I inherited the Book Club Edition of Pet Sematary from my aunt. Or I bought it for a buck or change at a forgotten garage sale, but that would be meaningless, so I think of my aunt when I read my Stephen King novels now, regardless of the actual origin.
As one of the first of King’s prolific bursts, this book fits into that time period. That is, he build suspense and dread, but ultimately the end rushes through the climax and leaves one with the obvious lingering evil still out there. In what I’ve seen from this era (see also Christine), the victory over evil is very tenuous and it’s apparent that it will eventually catch up with the survivors of the story.
So let me continue with the beginning…. or at least the plot. Dr. Louis Creed moves his family from the Midwest to small town Maine where he’s going to run a university infirmary. In the front of the house, there’s a two lane highway used often by oil tankers. In the back woods, a burial place for pets. The family has a cat. You can see where this is going. I, owner of an aging cat whom I know won’t lie upon my lap while I read Stephen King books forever, dreaded reading this book, and I was going to put it off indefinitely until I decided to denancy my self and just push through the death of the cat and the horrors beyond. I did. At least the death of the cat and so on where handled off page fairly well.
Come to think of it, King leaves most of the gory wetwork off the page in this particular volume. We don’t get a lot of flesh peeling from the muscle, tendon, and bones kind of thing going on, but we do get the idea that it’s going to happen, and we put the book down thinking we’ve gotten a pretty gory dose of it, but textually, there’s not much there there. That’s what makes King so powerful; he builds the dread and he makes you think you’re getting gore, but it’s your own imagination splattering blood on the wallpaper.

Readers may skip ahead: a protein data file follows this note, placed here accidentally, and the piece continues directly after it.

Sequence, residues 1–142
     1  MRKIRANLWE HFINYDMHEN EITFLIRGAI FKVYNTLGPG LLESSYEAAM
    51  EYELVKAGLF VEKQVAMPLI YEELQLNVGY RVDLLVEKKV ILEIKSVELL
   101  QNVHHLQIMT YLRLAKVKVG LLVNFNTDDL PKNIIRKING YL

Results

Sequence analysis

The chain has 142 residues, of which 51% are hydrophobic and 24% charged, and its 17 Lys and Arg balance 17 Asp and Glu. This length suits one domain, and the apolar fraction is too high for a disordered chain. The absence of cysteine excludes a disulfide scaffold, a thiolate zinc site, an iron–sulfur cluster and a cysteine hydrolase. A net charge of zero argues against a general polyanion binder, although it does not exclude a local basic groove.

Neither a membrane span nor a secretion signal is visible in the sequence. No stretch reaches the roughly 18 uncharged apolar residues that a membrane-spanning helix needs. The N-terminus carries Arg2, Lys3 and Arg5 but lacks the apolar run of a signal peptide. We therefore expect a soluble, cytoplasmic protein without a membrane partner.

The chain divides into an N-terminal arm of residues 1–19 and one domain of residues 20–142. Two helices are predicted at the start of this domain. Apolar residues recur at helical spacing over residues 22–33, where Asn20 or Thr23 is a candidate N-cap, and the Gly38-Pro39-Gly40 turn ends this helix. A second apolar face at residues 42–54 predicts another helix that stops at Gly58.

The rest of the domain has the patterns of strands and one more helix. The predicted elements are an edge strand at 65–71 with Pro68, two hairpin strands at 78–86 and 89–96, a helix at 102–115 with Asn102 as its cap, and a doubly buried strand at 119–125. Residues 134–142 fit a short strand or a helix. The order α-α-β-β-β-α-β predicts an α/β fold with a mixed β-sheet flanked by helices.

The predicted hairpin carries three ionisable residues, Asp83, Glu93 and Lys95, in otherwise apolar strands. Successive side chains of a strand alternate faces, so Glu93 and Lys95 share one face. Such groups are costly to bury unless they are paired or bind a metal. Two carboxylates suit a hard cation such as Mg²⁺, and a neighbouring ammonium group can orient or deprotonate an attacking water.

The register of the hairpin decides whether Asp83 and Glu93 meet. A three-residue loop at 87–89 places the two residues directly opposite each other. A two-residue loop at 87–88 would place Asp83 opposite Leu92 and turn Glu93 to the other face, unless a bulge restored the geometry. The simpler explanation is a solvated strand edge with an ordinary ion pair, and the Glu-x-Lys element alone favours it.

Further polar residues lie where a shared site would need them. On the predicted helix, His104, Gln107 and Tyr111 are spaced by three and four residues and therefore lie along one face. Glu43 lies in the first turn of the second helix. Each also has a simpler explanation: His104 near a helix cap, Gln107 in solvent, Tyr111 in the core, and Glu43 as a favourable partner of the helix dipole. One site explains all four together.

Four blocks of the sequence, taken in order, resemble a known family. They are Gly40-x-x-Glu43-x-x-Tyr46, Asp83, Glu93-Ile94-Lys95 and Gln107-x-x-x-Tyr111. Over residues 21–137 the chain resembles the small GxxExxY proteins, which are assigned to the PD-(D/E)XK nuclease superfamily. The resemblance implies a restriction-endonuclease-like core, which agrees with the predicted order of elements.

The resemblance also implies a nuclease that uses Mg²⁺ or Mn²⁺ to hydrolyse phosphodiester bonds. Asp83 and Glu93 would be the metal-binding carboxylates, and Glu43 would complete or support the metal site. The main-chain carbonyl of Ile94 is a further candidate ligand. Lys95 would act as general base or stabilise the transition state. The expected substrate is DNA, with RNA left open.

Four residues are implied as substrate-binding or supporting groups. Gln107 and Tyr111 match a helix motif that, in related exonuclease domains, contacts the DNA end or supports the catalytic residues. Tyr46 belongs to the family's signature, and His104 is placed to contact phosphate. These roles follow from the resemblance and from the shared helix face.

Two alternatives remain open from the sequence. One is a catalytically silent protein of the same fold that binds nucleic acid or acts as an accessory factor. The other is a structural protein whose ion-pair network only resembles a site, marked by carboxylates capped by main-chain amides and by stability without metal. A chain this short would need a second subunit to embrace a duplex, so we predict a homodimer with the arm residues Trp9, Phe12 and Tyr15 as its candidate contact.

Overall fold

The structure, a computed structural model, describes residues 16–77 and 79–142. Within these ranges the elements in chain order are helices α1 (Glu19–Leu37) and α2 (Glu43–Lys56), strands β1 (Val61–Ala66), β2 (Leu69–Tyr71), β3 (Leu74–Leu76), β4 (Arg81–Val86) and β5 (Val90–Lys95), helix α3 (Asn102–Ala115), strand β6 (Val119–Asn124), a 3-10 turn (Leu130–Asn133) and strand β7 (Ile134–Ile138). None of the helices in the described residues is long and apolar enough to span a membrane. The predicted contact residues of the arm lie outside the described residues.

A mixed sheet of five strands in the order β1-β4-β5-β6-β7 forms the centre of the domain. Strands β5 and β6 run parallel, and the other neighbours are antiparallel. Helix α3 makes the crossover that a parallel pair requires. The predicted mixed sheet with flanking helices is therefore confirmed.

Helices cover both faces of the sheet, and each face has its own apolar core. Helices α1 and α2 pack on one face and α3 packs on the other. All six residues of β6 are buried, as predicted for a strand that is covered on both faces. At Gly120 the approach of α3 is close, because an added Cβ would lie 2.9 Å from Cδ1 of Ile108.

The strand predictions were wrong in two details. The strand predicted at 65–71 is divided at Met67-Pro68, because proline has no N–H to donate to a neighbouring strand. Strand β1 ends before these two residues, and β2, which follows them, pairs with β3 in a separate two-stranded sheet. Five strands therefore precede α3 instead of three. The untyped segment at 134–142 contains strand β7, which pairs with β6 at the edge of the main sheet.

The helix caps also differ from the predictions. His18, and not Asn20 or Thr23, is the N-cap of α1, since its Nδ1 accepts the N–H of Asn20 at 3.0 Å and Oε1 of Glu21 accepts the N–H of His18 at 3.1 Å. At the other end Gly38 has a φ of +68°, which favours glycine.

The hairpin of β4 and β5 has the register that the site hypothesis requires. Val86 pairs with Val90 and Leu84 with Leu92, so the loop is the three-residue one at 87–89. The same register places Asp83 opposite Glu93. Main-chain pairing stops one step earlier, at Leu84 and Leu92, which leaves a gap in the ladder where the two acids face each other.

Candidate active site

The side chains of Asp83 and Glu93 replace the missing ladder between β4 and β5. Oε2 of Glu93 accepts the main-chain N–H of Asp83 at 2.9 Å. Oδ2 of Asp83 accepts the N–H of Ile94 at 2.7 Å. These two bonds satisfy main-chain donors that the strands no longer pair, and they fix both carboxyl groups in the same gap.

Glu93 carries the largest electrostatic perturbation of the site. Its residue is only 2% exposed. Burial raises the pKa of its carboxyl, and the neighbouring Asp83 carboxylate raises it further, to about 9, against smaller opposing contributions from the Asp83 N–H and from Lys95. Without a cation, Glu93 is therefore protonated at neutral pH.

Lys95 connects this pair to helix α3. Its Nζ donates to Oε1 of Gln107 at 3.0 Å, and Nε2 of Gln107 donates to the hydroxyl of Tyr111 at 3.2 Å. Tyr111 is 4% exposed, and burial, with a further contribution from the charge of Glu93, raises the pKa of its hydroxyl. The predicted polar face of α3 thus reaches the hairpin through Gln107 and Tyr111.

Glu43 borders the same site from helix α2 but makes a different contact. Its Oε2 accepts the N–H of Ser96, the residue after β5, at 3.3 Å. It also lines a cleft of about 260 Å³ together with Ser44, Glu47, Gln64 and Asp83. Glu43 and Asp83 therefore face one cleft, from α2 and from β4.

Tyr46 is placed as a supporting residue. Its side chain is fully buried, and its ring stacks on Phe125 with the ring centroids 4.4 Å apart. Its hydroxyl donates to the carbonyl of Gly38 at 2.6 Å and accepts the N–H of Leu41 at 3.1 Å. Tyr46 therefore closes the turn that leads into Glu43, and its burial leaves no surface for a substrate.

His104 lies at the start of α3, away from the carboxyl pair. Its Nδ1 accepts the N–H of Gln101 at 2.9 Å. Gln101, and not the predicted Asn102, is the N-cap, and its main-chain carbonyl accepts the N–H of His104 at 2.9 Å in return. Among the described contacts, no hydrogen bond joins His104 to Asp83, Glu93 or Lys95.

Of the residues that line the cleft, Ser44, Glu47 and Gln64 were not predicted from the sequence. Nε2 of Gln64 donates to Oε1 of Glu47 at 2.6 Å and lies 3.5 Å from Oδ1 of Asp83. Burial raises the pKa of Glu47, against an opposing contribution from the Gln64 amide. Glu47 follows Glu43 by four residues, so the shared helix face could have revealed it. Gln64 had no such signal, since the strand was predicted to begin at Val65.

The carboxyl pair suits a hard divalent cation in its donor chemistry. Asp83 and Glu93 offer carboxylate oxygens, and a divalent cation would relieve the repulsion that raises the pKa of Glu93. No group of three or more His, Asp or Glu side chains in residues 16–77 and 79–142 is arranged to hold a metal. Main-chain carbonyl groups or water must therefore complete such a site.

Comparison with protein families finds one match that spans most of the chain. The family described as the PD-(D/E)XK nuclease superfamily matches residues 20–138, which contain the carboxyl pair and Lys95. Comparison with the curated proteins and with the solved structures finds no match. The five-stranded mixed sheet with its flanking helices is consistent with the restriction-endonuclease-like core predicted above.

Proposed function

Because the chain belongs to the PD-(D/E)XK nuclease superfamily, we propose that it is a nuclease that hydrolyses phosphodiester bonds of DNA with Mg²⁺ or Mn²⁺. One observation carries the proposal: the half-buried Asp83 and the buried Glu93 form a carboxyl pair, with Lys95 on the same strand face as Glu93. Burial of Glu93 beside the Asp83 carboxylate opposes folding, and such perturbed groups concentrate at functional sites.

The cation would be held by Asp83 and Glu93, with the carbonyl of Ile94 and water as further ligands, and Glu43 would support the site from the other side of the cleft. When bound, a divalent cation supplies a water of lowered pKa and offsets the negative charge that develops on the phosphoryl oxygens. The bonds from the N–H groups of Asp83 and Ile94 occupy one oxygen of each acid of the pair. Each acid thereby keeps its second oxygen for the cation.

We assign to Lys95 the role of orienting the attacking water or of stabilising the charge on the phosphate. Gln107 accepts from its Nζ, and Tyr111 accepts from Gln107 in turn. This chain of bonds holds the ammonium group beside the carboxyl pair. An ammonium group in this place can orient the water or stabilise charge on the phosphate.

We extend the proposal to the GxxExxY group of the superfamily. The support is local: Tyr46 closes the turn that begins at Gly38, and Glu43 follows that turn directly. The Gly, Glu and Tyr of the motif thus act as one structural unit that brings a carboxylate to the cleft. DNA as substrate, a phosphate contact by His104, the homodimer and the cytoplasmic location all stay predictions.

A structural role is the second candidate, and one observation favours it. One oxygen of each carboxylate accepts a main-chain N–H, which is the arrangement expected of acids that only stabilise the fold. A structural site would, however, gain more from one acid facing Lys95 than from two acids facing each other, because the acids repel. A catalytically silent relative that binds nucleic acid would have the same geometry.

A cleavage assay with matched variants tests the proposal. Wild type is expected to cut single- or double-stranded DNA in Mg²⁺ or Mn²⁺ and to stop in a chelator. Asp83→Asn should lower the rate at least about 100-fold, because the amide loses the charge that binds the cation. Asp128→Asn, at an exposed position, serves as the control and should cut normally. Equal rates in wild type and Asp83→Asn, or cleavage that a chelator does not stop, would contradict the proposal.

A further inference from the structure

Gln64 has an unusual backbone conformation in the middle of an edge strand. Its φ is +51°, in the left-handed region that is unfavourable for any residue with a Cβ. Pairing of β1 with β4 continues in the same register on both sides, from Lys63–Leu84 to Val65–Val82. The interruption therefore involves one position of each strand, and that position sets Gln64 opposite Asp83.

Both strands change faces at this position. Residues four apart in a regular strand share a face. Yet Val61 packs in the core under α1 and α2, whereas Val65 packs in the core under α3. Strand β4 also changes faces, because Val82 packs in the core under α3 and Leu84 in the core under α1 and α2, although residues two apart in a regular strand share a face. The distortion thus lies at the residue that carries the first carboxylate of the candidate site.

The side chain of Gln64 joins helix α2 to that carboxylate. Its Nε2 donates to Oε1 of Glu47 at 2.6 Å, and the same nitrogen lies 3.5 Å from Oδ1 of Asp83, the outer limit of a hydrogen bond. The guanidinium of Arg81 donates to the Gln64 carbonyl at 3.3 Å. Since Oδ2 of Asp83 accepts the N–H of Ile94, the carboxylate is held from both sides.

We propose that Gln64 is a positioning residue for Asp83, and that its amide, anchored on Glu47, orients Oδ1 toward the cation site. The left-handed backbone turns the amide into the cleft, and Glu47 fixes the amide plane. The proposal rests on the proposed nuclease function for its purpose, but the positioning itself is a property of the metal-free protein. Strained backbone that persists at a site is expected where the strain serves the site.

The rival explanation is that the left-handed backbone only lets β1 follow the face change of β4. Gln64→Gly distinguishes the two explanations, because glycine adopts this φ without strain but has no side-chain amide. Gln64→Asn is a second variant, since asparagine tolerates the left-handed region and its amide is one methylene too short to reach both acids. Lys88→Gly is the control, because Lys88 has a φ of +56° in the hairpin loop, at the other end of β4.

Another thing that makes King powerful, and what draws his readers into the books, is that he doesn’t play favorites with his characters. Most writers rely on series for their long-term fiscal viability, and with every series one or more characters run through the plot in little danger. Sure, they get shot and sometimes almost die, and sometimes a major or minor character dies in a Very Special Episode. But the reader can proceed page-to-page with the comfort that the main characters will be tested and will prove true. King can spend pages making us like one or more characters in a book right before they die suddenly. The reader has to pay attention because although four main characters walk into a scene, four main characters are not guaranteed to walk out of the scene. In every moment, King’s characters risk life and limb from dark forces outside of their control. King takes this aspect of life and amps it up to make clear the tenuous hold we each have on our lives. Overall, the effect works.
Ergo, even though I didn’t care for the ending, I appreciated that the book achieved its goals in manipulating my emotions. Did I like it? Well, it was effective, and I enjoyed the writing. I’ll read more King, of course. Because I enjoy the works and, quite frankly, because my aunt (and the garage sales of past days) have left me with quite a few remaining on my bookshelves.